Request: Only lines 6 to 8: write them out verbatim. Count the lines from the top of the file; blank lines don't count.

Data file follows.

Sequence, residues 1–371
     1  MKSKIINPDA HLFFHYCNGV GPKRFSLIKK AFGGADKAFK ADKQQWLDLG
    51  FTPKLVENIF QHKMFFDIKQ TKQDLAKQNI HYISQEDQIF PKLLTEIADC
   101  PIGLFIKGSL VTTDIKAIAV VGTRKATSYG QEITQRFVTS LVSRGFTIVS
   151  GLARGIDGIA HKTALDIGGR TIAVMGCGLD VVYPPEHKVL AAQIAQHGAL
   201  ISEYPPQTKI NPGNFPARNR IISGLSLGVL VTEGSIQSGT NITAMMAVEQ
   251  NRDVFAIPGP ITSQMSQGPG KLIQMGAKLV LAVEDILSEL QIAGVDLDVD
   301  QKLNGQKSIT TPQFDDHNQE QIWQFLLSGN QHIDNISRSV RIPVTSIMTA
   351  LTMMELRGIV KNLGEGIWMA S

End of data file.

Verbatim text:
   201  ISEYPPQTKI NPGNFPARNR IISGLSLGVL VTEGSIQSGT NITAMMAVEQ
   251  NRDVFAIPGP ITSQMSQGPG KLIQMGAKLV LAVEDILSEL QIAGVDLDVD
   301  QKLNGQKSIT TPQFDDHNQE QIWQFLLSGN QHIDNISRSV RIPVTSIMTA